"I. "That during all the times herein mentioned Ben R. Chandler, Charles H. Reynolds and M.K. MeIver are, and with their predecessors in office, were the duly acting and qualified Highway Commission of the State of Oregon, and as such have and have had control over all matters pertaining to the selection, establishment, location, construction, improvement, maintenance, operation and administration of state highways and particularly that relocated segment of Highway 99-E and the bridge extending across the Santiam River northwest of Jefferson and southeast of Talbot, connecting Marion and Linn Counties. "II. "That on or about July 10, 1945, and for a long time prior thereto, Plaintiff was and still is the owner of the following tract of land, to-wit: "All of the West half of the Donation Land Claim of John M. Harrison and Nancy C. Harrison, his wife, same being Not. No. 481, Claim No. 56, being parts of Sections 28, 29, 32 and 33 in Township 9 South, Range 3 West of the Willamette Meridian, Oregon, said Donation Land Claim being described as follows: "Beginning at a point 33.55 chains North and 4.47 chains West of the Northwest corner of said Section 33 and running thence East 80 chains; thence South 80 chains; thence West 80.07 chains; and thence North 80 chains to the place of beginning, containing 640.28 acres, said West half containing 320 acres, more or less, situated in Marion County, Oregon. "III. "That said land was and is located a short distance down stream from said new highway bridge *126 crossing the Santiam River and on the easterly side and adjacent to the old river channel and was, before the erosion and damage hereinafter described, rich fertile river bottom land. "IV. "That prior to the construction of the new highway grade and road bed for the new highway and highway bridge, Plaintiff's said land extended to the old channel of the river which is the boundary line between Marion and Linn Counties. "V. "That on or about July 10, 1945, Defendant began the construction of a new highway bridge across the Santiam River and of a grade and road bed for said new highway which consisted of a rock and dirt fill raised to a considerable elevation above the natural contour of the land on both sides of the river bed. This road bed also formed the approaches to said bridge and extended for several hundred yards on either side of the bridge. This new construction was completed on or about October 1, 1947. "VI. "That during all the times herein mentioned said highway bridge, said highway grade and road bed were constructed, owned and maintained by the Defendant and constituted a part of the state highway system of Oregon. "VII. "That the Santiam River has been and will be subjected to periods of high water. Before the construction of said highway bridge, highway grade and road bed the increased flow of water during these high water periods spread out over a wide area along the river channel with an even flow and did not cause any material increase in the current or damage Plaintiff's said land by erosion or otherwise. *127 "VIII. "That Defendant constructed said highway grade and road bed which formed the approaches to said highway bridge for the purpose of protecting the said highway by keeping the traveled portion of the road above the high water level, and by doing so causes said water to be dammed and backed up, thus forcing a greatly increased flow of water under the bridge, thereby changing the direction and increasing the velocity of the current of the river during high water periods. "IX. "That the aforesaid acts of Defendant were and are the proximate cause of the constricting of the channel of the river and of forcing a much greater volume of water under said bridge during high water periods than did flow in the river channel there before the construction of said highway grade, road bed and bridge, and of the changing of the direction of the current from its former course, and greatly increasing the velocity of the current of the river below said bridge during said high water periods, so that the entire flow of said river has been since said construction and now is being driven and forced into, against and over a large portion of Plaintiff's said land with such force and violence that the surface of the following described portion: "Beginning at a point where the Northerly bank of the Santiam River intersects the West line of the John M. Harrison D.L.C. No. 56 in Township 9 South, Range 3 West of the Willamette Meridian, Marion County, Oregon; said beginning point being South 0° 09' West, 4751.50 feet from the Northwest corner of said Harrison D.L.C.; Thence, South 0° 09' West, 528.50 feet to the Southwest corner of said Harrison D.L.C.; Thence, South 89° 50' 30" East, along the South line of said D.L.C. 2632.75 feet to the Southeast corner of the West [East] 1/2 of said D.L.C.; Thence North 0° 25' West, along the Division line of said D.L.C. 1236.00 feet to a point on the *128 North bank of the Santiam River; Thence, along the North bank of said River as follows: "North 72° 24' West, 254.16 feet; North 78° 09' West, 100.00 feet; North 85° 52' West, 357.80 feet; South 70° 53' West, 295.00 feet; South 80° 20' West, 184.40 feet; South 77° 47' West, 124.90 feet; South 53° 20' West, 109.53 feet; South 61° 44' West, 231.58 feet; South 51° 18' West, 131.70 feet; South 59° 12' West, 419.10 feet; South 71° 57' West, 637.20 feet to the place of beginning, and containing 63.31 Acres, more or less. "ALSO, a strip of land 100.00 feet in width, lying all along the North side of the North line of the above described tract, and containing 6.45 acres, more or less. has been either completely washed away or rendered said land valueless to Plaintiff. That the Defendant by the acts herein alleged has created new channels for said river over and across Plaintiff's land, and the Defendant by its said acts herein alleged has appropriated for a public use the 64.00 acres of Plaintiff's land above described, that is of the reasonable value of $400.00 per acre, to Plaintiff's damage in the sum of $25,600.00. "WHEREFORE, Plaintiff demands judgment against the Defendant for the sum of Twenty-five thousand six hundred (25,600.00) Dollars."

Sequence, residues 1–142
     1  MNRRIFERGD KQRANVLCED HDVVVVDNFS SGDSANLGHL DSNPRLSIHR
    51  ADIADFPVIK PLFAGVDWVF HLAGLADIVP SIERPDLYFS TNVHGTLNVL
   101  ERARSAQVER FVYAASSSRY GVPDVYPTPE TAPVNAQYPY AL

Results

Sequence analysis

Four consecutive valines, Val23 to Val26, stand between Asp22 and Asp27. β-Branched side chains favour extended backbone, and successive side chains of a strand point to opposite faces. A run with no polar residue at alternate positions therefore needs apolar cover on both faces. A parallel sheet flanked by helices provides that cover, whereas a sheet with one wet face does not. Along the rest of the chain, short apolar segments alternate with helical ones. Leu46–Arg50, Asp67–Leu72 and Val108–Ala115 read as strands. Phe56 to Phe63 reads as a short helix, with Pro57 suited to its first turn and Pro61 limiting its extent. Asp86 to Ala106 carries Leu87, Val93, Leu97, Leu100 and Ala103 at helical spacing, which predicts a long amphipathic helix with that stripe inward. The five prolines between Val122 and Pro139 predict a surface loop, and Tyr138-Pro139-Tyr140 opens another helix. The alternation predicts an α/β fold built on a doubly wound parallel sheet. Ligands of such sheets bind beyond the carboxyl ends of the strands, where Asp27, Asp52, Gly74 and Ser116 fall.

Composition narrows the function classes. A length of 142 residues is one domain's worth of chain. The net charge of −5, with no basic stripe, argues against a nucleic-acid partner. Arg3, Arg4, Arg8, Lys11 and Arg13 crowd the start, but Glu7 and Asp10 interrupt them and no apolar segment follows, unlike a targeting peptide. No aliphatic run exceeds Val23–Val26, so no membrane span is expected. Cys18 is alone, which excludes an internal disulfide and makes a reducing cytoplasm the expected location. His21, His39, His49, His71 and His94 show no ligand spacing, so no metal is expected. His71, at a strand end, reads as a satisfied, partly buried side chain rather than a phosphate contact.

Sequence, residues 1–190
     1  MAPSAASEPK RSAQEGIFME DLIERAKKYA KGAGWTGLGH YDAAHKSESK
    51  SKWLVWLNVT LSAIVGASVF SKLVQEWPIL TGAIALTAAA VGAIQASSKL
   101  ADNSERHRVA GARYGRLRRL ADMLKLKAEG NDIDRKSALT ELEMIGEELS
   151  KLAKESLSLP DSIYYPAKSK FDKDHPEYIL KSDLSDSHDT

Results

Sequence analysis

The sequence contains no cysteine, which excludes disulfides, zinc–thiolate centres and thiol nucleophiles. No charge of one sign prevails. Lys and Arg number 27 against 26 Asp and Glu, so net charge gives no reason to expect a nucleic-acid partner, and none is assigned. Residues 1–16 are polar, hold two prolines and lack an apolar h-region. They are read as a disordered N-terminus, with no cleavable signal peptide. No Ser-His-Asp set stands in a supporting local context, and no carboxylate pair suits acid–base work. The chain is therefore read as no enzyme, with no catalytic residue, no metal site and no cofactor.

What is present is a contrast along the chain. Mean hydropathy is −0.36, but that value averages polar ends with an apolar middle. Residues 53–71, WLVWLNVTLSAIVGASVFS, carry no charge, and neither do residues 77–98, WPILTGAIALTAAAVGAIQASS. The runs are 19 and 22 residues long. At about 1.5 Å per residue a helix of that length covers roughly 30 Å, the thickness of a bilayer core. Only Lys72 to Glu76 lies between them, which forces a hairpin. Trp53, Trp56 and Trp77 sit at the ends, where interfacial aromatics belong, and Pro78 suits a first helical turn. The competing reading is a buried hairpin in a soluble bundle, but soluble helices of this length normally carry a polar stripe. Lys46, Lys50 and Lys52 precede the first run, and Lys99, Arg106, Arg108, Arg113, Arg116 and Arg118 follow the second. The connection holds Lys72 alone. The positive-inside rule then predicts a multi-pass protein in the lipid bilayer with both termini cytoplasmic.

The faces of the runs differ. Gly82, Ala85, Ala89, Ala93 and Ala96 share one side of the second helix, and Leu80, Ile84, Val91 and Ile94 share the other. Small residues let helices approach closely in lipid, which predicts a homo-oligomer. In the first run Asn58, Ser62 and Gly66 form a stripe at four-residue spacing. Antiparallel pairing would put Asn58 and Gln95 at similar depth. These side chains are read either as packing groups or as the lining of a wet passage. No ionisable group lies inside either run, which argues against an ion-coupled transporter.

To this amended complaint defendant filed the following demurrer (omitting formal parts):